Here’s the issue I have with a lot of the “wrimos”, as some of the Nanowrimo participants call themselves, and with a lot of authors who give advice about beating writer’s block. They advise people to sit in a chair and write X number of words like it ain’t no thang. They advise a writing schedule, where you write the same amount of words at the same time every day, or allot a certain amount of time to writing each day. I’ve even seen bloggers creating a sort of Pavlovian experiment for themselves, where they listen to the same music at the same time every day, and write words, hoping to create an association with the song. Never mind the fact that this business of “daily schedules” does not apply to shift workers — 8pm might be morning for me this Monday, and bedtime next Monday. The problem I have is that sitting down and typing does not generate ideas nor quality writing for me. I can’t just do it on command. I write when I have something to write about, and that’s it. Due to 12 hour shifts, I also have other things to do during that one hour a day that I’m supposed to be writing. A more realistic although equally unlikely scenario is one where I write 7000 words on my day off once the house is clean, my laundry is done, my six pets are cared for and entertaining themselves, I have no social obligations and my fiance is busy doing something that doesn’t involve romancing me. Then on the other days of the week, I might write 250 or 100 or 500 words. But none of that will ever happen if I don’t have something to write about in the first place. I keep trying to tell myself to “just do it”, to write anything, even if it’s terrible. It doesn’t happen. Maybe I just get too excited about the word count and beat myself up too much if I fall short. Or maybe that approach just sucks.
There’s another suspicious tendency I’ve noticed in wrimos, and also in the same authors who advocate the whole “writing schedule” thing (Stephen King seems to be one of them). It’s the claim that characters take on a life of their own and steer the story in an unplanned direction. I’m not even going to get into Stephen King’s claims that the story is like a pre-existing fossil that he merely tries to unearth, or that the writer is just a vessel that the story flows through. Let’s instead talk about the wrimos and their weird Facebook group again. People were posting things about how their character did something unexpected and quirky, and ruined the whole story. Or someone unexpectedly turned out to be gay and now the love triangle is confusing. I actually like the idea of a character coming to life in my brain and just existing like a real person whom I can’t manipulate, because it makes the process of writing into a process of just taking notes on what this person is doing. As if instead of a writer, you’re an inept and overly verbose spy. Except a character really is a fictional construct whose identity totally exists in the writer’s mind, so I also just don’t get it, and don’t understand how all of the wrimos are sitting down to their desks every day and in the process of transcibing exactly 1667 words, an imaginary person comes into being and starts doing and saying things outside of the author’s control. I have tried. I want this to happen. But the imaginary randos in my head are conspicuously silent and still…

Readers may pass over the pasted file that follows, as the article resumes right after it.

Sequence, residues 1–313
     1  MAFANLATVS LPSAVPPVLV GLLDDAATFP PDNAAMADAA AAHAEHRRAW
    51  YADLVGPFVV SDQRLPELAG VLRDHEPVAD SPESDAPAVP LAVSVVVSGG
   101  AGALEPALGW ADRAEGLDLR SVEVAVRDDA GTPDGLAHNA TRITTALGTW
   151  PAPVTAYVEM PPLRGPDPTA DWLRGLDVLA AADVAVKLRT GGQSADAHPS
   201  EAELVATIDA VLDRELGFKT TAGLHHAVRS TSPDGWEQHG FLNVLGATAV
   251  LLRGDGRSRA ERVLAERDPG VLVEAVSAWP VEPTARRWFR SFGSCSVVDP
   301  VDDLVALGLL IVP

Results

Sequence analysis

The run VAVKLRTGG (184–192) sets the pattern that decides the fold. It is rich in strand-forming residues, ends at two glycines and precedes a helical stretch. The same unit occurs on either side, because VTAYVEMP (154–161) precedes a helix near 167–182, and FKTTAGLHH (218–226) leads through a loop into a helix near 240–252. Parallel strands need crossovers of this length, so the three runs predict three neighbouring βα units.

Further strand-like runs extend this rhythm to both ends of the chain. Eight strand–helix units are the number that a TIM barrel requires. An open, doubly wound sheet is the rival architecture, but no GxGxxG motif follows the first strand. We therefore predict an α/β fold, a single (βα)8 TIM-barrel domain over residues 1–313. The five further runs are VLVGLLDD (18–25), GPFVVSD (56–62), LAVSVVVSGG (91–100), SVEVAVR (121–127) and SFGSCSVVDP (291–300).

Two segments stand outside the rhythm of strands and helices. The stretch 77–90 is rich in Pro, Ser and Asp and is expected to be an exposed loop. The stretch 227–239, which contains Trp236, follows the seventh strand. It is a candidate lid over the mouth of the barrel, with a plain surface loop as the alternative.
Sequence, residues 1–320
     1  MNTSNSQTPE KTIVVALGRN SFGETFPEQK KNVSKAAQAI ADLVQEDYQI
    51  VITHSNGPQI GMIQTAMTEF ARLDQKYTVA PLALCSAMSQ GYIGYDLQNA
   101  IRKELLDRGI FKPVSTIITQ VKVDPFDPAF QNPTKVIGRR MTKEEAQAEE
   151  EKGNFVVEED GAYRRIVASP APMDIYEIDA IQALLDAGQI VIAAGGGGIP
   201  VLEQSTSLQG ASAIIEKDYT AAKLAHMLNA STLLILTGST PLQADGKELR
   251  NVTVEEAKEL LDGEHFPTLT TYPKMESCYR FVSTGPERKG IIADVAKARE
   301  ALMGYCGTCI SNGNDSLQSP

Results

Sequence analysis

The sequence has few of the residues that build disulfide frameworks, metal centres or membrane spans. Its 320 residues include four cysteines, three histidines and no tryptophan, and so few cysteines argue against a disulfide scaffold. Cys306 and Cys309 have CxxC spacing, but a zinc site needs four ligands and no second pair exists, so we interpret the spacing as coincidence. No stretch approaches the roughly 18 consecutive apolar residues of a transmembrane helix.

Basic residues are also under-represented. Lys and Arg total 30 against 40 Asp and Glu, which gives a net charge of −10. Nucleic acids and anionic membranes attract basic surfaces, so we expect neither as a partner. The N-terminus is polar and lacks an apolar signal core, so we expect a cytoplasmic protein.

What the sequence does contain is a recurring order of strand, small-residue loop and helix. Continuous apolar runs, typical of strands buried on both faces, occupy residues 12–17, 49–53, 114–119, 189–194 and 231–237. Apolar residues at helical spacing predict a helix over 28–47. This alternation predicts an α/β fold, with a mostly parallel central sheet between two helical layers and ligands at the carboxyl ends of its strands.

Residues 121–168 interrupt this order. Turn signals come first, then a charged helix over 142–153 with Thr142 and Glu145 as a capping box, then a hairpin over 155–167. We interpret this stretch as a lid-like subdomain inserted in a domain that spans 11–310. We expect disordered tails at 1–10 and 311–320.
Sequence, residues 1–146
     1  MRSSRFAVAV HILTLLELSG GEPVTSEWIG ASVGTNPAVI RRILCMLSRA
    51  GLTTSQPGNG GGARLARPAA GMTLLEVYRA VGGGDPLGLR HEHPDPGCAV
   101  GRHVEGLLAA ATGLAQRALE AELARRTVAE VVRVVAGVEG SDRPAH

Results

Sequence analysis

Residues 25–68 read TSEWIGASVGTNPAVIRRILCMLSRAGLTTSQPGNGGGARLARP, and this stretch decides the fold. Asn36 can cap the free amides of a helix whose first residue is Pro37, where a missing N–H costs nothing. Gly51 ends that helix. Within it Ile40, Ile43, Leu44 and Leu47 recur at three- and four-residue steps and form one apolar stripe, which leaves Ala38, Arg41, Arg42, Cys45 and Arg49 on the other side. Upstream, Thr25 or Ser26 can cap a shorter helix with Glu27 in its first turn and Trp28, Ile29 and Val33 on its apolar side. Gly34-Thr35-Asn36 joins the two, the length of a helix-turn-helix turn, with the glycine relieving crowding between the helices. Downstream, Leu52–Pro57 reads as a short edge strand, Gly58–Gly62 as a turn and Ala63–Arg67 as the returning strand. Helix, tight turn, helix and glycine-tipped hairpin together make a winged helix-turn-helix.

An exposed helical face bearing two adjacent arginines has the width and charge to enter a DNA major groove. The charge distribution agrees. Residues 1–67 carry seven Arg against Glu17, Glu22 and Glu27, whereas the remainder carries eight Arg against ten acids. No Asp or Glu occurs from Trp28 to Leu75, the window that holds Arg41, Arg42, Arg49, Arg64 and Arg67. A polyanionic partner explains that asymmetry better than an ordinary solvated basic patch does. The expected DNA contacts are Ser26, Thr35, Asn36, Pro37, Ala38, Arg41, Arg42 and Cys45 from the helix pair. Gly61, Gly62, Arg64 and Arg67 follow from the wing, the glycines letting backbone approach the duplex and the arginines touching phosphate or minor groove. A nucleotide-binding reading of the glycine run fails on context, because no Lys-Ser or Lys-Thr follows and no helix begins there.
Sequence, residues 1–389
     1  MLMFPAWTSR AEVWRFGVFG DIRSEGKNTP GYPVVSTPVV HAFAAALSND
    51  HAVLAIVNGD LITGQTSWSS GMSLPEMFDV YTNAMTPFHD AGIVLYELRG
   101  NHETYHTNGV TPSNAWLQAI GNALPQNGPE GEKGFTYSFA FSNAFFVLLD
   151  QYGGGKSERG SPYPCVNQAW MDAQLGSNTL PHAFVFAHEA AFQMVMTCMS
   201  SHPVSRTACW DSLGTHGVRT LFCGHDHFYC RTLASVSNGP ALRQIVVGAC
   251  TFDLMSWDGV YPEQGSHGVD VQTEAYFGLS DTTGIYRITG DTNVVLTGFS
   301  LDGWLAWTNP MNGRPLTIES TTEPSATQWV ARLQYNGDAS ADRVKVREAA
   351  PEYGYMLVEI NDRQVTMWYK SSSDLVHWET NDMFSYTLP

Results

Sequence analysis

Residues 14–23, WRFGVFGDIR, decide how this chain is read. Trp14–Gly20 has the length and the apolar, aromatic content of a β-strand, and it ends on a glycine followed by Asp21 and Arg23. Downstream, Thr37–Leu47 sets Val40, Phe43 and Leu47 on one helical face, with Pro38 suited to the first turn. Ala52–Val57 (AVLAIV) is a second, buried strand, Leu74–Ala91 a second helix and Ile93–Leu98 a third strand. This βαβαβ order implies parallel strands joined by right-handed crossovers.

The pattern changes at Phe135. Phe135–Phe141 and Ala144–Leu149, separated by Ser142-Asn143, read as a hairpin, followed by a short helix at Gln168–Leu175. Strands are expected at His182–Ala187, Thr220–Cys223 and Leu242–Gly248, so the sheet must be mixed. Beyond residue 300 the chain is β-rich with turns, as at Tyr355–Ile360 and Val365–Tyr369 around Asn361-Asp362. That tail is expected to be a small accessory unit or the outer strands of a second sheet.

Inspiration, for me, seems to be totally random. I draw from dreams that feel real enough for me to want to bring them into waking life. I draw from “what ifs” that I can unspool into a story. I try to make things out of symbols that speak to me, although work based on symbols seems to be dull and pretentious at best. But I can never “force” a story. The best I can do is wait, live my life, and hope that I have a notebook and a pen handy when inspiration strikes. I’m starting to worry that a really good idea, a really big idea worth fifty thousand words or more, might never even happen to me. Short of sitting at my computer desk and staring at a blank Word template, I have no idea how to make my brain do what I want it to do. So I try to learn from the brief spurts of creative energy. Like this morning, when I woke up an hour before my alarm went off, excited about a new idea and actually possessing the energy and drive to type words about it. I wouldn’t be able to tell you what was different about today as opposed to any other day. I plan to cling to that idea as long as I can, write as long as I have words to write, and hope that it works out. Beyond that, I have no clue.